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Battery included in Range Rover PHEV eco makeover

Range Rover plug-in hybrid can travel up to 31 miles on a single charge with a top speed of 85mph on electric power alone. Picture: Land Rover

Range Rover plug-in hybrid can travel up to 31 miles on a single charge with a top speed of 85mph on electric power alone. Picture: Land Rover

Land Rover

Land Rover has fitted its flagship Range Rover with a plug-in hybrid drivetrain – PHEV for short. Tom Wiltshire sees if the luxury British SUV suits an ‘eco’ makeover.

Latest Range Rover receives extra glitz to make it feel even more luxurious. Picture: Land RoverLatest Range Rover receives extra glitz to make it feel even more luxurious. Picture: Land Rover

Range Rover’s new plug-in hybrid provides a green alternative to plain internal combustion petrol and diesel engines.

Available across all trims, it combines a four-cylinder petrol engine with an electric motor and battery, capable of up to 31 miles on battery power alone – idea for urban jaunts.

This powertrain sits near the top of the existing model line-up – undercut by V6 and V8 diesels and V6 petrol, but less expensive than V8 petrol models.

Electric charging port is concealed behind the badge in the front grille. Picture: Land RoverElectric charging port is concealed behind the badge in the front grille. Picture: Land Rover

What’s new?

The biggest change for this model is the powertrain – more on that later – but for 2018 the Range Rover receives extra glitz to make it feel even more luxurious, a Velar-inspired grille, tailpipes integrated into the bumper and new lights. Only some subtle badging marks this out as a hybrid, with the electric charging port neatly concealed behind the badge in the front grille.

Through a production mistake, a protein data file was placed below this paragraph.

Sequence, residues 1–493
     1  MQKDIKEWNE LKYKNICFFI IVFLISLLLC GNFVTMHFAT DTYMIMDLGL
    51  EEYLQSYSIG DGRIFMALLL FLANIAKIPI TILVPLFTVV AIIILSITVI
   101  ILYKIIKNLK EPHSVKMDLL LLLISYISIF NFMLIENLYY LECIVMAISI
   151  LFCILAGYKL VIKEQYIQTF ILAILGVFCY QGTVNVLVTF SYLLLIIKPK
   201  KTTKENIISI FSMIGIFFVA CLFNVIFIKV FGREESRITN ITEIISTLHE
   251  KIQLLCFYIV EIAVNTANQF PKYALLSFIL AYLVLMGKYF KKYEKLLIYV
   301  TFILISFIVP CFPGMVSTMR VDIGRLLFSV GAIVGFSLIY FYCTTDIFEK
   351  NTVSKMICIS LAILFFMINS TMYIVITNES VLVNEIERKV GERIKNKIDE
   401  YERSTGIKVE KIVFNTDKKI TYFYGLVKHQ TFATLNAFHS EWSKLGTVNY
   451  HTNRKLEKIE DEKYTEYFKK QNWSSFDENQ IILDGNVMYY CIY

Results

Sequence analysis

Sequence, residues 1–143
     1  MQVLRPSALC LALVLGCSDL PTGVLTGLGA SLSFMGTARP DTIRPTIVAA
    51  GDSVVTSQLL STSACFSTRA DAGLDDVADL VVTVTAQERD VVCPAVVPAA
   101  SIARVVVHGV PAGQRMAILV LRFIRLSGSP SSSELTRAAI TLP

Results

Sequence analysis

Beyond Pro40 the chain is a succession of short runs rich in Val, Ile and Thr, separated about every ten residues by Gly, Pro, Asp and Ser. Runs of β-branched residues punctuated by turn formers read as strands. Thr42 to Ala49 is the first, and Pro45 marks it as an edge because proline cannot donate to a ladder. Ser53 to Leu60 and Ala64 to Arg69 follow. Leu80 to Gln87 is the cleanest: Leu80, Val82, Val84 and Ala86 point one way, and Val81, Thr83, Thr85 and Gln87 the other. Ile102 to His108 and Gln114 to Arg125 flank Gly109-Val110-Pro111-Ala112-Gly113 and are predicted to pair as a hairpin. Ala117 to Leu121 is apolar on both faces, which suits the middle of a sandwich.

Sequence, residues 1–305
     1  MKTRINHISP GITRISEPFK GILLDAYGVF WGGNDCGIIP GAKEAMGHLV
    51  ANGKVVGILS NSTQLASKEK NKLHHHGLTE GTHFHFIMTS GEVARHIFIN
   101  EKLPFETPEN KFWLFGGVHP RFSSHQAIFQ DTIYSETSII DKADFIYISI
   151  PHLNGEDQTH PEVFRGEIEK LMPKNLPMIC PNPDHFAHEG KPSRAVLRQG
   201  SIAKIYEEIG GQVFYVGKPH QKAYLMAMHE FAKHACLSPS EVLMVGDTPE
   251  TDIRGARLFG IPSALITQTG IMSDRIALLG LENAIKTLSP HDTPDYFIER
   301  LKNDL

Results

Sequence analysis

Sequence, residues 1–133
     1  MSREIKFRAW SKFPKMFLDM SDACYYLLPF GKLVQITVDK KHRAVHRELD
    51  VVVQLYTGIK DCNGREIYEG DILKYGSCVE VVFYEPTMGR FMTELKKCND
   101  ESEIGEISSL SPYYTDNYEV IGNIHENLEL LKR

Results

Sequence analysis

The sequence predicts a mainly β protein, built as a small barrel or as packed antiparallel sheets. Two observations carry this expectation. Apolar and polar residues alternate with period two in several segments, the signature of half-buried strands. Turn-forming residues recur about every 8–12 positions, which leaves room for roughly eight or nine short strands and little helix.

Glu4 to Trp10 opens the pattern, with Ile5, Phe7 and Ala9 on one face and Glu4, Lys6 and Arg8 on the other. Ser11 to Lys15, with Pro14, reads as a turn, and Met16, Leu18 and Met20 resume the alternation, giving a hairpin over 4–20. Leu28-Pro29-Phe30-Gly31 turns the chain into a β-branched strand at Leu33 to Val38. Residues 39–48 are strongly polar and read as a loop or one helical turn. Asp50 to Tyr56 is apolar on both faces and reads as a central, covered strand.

Inside, nearly every button on the centre console has gone, replaced by a dual central touchscreen set-up – the upper handling media and navigation, the lower driving modes, climate and seat controls – and there are new seats. Thicker windows and noise-cancelling tech make the car even more eerily silent.

Range Rover plug-in hybrid is badged P400e . Picture: Land RoverRange Rover plug-in hybrid is badged P400e . Picture: Land Rover

Under the bonnet

The brand’s first plug-in hybrid powertrain mates a 2.0-litre petrol engine with an electric motor for a total 404PS and 640Nm of torque. That’s good for 0-60mph in 6.4 seconds and 137mph – 85mph on electricity alone.

Land Rover claims 101mpg combined, the reality depends on how you drive. If you charge it every night and most of your journeys are within the electric range of up to 31 miles, you might hardly need to use the engine. Cruising with a discharged battery, it achieved 24mpg.

Dual central touchscreen do away with many buttons on the fascia . Picture: Land RoverDual central touchscreen do away with many buttons on the fascia . Picture: Land Rover

How it drives

Range Rovers are at their best ‘wafting’ at speed on a smooth road. Air suspension irons out bumps and vast wheels make mincemeat of minor road irritations.

It hides its size surprising well – remarkably easy to drive, aided by peerless visibility and accurate steering. The heavy hybrid model isn’t quite as responsive as its siblings on a twisting road despite retuned suspension. It’s ideal in the city, though, where the serene sensation of running on pure electricity makes the Range Rover feel somehow even more luxurious.

Air suspension irons out bumps and vast wheels make mincemeat of poor surfaces. Picture: Land RoverAir suspension irons out bumps and vast wheels make mincemeat of poor surfaces. Picture: Land Rover

Space and comfort

Everything is incredibly plush with plenty of room, especially in long-wheelbase models.

The battery pack beneath the boot floor does eat into space, though, and the load area beneath the parcel shelf is long and wide but shallow – you still get 802 litres of space.

Final say

This bang up-to-date hybrid drivetrain and fresh interior ensure the Range Rover feels as good as ever. The new hybrid model is an impressive achievement but works best in city conditions – those doing regular long trips might be best served by a diesel engine.

SPEC AND TECH

Price: Range Rover P400e PHEV standard wheelbase, £86,965 to £105,865 (long wheelbase £113,065 to £168,015)

Powertrain: 300PS, 2.0-litre petrol engine with a 116PS/85kW electric motor

Performance: 0-60mph 6.4 seconds; top speed 137mph

MPG: 101 combined

CO2 emissions: 64g/km

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